I caught up with Carol to talk about all the things that have made us the drinking, swearing, loose, career-driven women that we are.
 

VICE: Hi Carol, how did you get started with Girl Trouble?
Carol: I’ve had a very long career teaching and researching women’s history and I wanted to bring it all together. History hasn’t been kind to girls. They’ve been underestimated and misrepresented. It’s hard to find out what was happening to them and how they felt about it. There’s always been masses of people all too ready to speak for girls, but it’s harder to get young women speaking for themselves, especially as you go back in time to the late Victorian period or the early half of the 20th century.

So the problem is that the people who were recording history are mostly male?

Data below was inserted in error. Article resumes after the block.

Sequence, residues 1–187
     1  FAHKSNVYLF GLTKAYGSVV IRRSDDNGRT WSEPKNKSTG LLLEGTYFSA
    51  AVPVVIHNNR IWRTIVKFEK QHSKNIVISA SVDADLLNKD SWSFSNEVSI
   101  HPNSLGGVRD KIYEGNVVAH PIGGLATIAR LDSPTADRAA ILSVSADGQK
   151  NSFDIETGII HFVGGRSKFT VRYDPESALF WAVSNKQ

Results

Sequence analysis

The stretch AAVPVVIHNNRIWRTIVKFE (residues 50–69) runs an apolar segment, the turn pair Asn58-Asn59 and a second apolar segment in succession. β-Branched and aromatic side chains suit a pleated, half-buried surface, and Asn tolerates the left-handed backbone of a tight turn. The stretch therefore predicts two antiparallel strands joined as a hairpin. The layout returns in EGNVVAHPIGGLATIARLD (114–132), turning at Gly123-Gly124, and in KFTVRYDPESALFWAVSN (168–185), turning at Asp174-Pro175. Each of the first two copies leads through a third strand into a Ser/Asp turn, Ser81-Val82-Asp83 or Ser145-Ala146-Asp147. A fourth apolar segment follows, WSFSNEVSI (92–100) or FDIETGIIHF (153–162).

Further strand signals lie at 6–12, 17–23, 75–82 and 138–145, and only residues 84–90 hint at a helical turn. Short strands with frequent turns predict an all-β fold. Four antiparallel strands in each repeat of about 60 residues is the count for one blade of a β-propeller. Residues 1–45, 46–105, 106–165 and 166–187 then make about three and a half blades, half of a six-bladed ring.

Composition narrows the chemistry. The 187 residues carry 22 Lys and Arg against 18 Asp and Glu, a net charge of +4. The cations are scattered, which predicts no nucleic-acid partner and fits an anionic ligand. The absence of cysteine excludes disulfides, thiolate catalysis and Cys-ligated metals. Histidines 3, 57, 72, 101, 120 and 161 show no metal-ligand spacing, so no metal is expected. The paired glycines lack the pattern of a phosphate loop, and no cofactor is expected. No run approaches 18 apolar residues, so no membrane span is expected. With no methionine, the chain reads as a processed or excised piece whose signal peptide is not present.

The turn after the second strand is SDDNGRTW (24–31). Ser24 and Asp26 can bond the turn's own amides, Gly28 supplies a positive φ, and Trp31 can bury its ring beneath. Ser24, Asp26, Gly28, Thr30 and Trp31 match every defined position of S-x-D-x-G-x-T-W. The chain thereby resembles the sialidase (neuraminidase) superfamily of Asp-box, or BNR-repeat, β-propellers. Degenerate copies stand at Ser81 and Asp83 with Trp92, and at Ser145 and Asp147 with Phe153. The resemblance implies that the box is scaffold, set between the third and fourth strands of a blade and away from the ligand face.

Definitely. A good example is the British Medical Journal—you’d think this was quite a reputable source and yet what they say is quite shocking. They’re so quick to stereotype. In an article published in 1946, just after the war, one psychologist wrote; “They [good-time girls] spend a great deal of time on making up their faces and adorning themselves, although they do not trouble to wash and are sluttish about their undergarments. Their favorite reading matter consists of the weekly journals with the love lives of film stars and they live in a fantasy world of erotic glamor. Frequently, they’re a good deal more intelligent and sophisticated than their parents whom they outwit and despise.” It’s so negative and sexist. What were they so scared about? What I argue in that chapter is that there’s this category of female that was constructed out of male anxiety.